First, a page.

You can put the bonds in the traditional IRA that you will be starting.

This is not as hard to do as it seems unless I just don't understand your situation.

First, tell me how many dollars you have sitting around uninvested. We'll get that "invested" before moving on.

Then tell me how you intend to invest the new money. Do you plan to invest the entire $6k IRA at one time? Or some per paycheck? How many dollars do you intend to invest in taxable each year? And how many dollars do you intend to invest in any other account each year?
Doctor Rhythm
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Re: How to automate deductions from paycheck for investments while maintaining balanced portfolio?

Post by Doctor Rhythm »

adelvest wrote: Sat May 16, 2020 3:14 pm
No 401K plan offered at current employer.

---

2. When folks deduct from their paycheck for investing, do you mirror your asset allocation plan (e.g. X% to domestic, Y% to intl, Z% to bonds) or just dump it all into say, domestic and then re-balance later?
If the automatic deductions from your paychecks must be invested in a taxable account, rebalancing within that account would incur capital gain taxes (assuming you're fortunate enough to have a gain). However, you do have a fair amount of "old" tax-advantaged space in the form of your previous employers' plans. So one option is rebalance your total portfolio by changing the allocations in the rollover IRA and old 401k while avoiding taxable transactions in your taxable account. There may be tax-saving reasons to fill the taxable account with equities, and keep your fixed income in the rollover IRA and old 401k. See https://www.bogleheads.org/wiki/Tax-eff ... _placement. Same situation applies if you open a new traditional IRA.
Last edited by Doctor Rhythm on Sun May 17, 2020 2:48 pm, edited 1 time in total.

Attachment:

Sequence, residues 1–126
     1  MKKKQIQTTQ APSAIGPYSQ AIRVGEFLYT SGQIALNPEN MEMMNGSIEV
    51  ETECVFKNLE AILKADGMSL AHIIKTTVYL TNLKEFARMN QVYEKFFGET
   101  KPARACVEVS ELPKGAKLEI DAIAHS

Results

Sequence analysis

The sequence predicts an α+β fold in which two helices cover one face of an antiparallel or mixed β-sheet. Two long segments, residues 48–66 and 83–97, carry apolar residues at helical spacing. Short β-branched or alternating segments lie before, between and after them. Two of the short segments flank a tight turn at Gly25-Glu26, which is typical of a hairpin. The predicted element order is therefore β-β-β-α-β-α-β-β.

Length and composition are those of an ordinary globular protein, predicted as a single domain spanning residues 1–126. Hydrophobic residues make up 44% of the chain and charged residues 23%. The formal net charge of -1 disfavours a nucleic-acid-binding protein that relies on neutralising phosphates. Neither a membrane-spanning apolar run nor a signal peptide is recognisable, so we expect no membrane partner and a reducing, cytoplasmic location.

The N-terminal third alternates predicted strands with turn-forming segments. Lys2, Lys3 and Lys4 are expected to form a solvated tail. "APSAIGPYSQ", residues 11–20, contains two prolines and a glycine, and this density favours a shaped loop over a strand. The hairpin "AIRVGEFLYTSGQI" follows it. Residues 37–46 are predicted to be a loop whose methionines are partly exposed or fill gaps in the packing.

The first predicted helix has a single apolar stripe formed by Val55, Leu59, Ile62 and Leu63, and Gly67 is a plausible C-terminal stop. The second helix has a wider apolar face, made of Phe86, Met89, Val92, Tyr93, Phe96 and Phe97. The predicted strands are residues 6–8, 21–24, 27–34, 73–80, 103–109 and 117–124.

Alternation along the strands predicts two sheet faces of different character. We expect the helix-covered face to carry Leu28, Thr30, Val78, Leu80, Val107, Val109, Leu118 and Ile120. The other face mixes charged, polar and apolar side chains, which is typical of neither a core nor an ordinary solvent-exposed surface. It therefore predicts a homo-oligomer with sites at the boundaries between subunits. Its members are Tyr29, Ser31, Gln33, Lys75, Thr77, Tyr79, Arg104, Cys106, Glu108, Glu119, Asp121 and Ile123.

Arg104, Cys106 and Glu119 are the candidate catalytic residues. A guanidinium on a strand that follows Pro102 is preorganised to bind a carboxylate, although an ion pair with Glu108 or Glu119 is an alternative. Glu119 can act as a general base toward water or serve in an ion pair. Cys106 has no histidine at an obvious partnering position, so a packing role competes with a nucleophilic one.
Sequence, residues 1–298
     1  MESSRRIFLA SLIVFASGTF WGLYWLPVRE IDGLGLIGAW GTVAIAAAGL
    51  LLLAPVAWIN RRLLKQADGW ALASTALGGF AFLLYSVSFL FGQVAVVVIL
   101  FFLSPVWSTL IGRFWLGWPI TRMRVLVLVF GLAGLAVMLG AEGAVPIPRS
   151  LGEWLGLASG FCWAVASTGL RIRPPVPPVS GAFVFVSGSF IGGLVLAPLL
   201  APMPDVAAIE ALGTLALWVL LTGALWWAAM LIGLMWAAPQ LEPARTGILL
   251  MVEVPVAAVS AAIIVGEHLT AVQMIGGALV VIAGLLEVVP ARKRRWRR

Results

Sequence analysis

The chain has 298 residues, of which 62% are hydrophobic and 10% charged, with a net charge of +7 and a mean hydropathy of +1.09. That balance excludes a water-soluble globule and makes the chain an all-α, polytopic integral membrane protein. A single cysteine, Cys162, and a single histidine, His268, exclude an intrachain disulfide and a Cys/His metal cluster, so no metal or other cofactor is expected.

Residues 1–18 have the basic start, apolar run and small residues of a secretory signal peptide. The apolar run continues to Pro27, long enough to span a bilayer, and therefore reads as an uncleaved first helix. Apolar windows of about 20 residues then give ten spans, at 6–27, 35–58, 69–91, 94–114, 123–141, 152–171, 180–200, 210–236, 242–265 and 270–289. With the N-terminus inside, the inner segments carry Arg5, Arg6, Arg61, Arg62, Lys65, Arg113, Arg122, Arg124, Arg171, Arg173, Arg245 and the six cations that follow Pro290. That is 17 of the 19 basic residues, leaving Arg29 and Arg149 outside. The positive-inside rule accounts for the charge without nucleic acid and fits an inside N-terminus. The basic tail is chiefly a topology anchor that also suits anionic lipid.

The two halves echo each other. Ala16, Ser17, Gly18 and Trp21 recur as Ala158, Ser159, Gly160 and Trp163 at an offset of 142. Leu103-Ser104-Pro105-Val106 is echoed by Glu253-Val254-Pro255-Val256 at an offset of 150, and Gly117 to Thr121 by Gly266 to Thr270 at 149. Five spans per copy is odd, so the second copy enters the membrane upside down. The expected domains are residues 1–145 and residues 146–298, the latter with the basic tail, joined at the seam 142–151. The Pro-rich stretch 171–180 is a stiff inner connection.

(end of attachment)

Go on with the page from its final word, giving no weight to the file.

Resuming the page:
Topic Author
adelvest
Posts: 13
Joined: Sun May 03, 2020 1:17 pm

Re: How to automate deductions from paycheck for investments while maintaining balanced portfolio?

Post by adelvest »

First, tell me how many dollars you have sitting around uninvested. We'll get that "invested" before moving on.
I have enough uninvested to comfortably fill the $6k IRA "right now" which was my intention.
Then tell me how you intend to invest the new money. Do you plan to invest the entire $6k IRA at one time? Or some per paycheck? How many dollars do you intend to invest in taxable each year? And how many dollars do you intend to invest in any other account each year?
For future paychecks, I don't think I can invest in any tax-advantaged accounts if I fill the IRA with $6k in one go - I believe any contribution to the Rollover IRA is part of the $6k annual limit, I can't invest in my past employer's 401K because I don't work there anymore, I can't contribute to my HSA as I am not in an HSA plan at the moment (that was from my past employer), and my current employer does not offer anything at the moment. So assuming I fill the $6k in the IRA in one go, any future money has to go in taxable right? If so, I guess my question is should I bother with the small dance I described above or just do the straightforward allocations all in taxable, including bonds, which is very simple and can be fully automated.
To clarify, are the automatic deductions from your paychecks being invested in a taxable account, without the option to put it in a tax-advantaged account?